Tuesday, 5 April 2016

Egypt’s 'Indiana Jones' says new theory on King Tut’s tomb is wrong - Al-Monitor: the Pulse of the Middle East

Egypt’s 'Indiana Jones' says new theory on King Tut’s tomb is wrong - Al-Monitor: the Pulse of the Middle East:

Extract from an interview with Zahi Hawass


Al-Monitor: What is your take on the recent discovery announced by the Ministry of Antiquities concerning the possibility of two additional chambers in King Tut’s tomb?

 Hawass: I have evidence to disprove British Egyptologist Nicholas Reeves’ theory about a hidden chamber containing Nefertiti’s remains behind Tutankhamun’s resting place. In theory, Nefertiti could not have been buried in the Valley of Kings, as she used to worship King Tut. The High Priests of Amun would not have allowed it. The radar Reeves used to prove his theory did not offer conclusive results, and in 2009, Reeves used the same radar to prove the existence of a tomb in front of Tutankhamun’s. Later on, excavation results showed that it was only a fissure in the rock formation. In order to validate his latest theory, Reeves must dig through the northern wall of King Tut’s tomb, and this would cause the whole tomb to collapse.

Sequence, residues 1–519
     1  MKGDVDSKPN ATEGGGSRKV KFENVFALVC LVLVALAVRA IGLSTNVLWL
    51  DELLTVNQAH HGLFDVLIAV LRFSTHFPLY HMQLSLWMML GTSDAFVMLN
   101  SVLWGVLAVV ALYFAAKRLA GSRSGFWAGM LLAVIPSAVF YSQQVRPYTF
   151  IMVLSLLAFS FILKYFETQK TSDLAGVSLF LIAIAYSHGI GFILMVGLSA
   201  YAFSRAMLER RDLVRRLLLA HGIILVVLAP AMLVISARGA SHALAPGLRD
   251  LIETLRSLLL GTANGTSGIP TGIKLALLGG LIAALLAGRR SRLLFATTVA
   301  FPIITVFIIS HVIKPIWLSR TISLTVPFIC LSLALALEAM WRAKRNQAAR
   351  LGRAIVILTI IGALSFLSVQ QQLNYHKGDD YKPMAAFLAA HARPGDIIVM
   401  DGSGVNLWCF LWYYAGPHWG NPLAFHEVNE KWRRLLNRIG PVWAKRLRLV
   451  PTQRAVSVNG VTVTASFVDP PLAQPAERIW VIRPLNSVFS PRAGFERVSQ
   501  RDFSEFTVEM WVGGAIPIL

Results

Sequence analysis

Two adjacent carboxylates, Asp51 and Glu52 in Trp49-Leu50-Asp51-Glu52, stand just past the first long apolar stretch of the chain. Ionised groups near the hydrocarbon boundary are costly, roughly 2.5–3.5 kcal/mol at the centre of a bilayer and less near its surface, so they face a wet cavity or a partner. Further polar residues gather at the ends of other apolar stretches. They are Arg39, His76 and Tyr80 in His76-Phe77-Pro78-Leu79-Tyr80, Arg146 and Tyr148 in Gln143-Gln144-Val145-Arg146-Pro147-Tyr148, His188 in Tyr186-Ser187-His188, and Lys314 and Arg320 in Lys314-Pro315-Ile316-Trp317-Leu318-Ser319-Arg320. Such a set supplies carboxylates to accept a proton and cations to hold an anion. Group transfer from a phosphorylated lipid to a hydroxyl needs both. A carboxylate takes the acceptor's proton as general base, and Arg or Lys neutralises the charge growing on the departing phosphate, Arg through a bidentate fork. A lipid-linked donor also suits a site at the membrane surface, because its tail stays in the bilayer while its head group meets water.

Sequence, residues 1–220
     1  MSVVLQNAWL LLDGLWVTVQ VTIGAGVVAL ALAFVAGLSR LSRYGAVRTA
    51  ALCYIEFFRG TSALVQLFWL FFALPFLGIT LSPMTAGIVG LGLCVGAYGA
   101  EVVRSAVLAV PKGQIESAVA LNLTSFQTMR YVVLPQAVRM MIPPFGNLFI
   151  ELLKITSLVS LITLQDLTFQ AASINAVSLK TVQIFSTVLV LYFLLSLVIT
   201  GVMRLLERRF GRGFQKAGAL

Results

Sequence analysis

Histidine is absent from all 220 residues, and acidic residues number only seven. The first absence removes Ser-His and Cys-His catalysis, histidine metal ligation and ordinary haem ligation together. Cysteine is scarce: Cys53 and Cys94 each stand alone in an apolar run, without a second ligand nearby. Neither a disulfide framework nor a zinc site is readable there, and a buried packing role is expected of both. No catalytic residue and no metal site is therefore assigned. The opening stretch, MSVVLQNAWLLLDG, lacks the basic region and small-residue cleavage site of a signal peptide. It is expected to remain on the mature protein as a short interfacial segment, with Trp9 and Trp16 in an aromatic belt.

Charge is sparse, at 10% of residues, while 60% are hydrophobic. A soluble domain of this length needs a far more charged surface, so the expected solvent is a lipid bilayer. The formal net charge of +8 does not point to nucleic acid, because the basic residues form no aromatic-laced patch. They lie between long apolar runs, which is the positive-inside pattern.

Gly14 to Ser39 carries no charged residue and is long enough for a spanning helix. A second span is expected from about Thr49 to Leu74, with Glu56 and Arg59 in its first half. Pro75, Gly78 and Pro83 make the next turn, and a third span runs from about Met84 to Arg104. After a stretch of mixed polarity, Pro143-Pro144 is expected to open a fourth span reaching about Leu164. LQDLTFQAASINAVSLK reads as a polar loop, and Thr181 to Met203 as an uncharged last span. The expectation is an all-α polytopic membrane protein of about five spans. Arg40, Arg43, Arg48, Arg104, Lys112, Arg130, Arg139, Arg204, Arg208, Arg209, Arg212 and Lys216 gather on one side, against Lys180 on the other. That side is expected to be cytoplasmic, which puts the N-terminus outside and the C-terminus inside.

Al-Monitor: If the predictions are true and there are additional chambers, what impact would this have on Egypt’s tourism sector?

Hawass: There is no way to predict the outcome of such a discovery as long as we are speaking theoretically. Once the theory is proven, we can then speak of an outcome for tourism in Egypt.

Al-Monitor: If the theory is proven false, how would this harm Egypt and Egyptian archaeologists’ reputation?

Hawass: In such case, Egypt’s credibility would be compromised around the world. In this respect, I’ve presented the minister with a proposal consisting of appointing a committee of six Egyptian and foreign archaeologists to discuss the theory with Reeves and assess the radar’s results by comparing them to another digital radar’s findings. The committee will then present its verdict on Reeves’ theory. After that, we can announce the first steps toward a scientific discovery.

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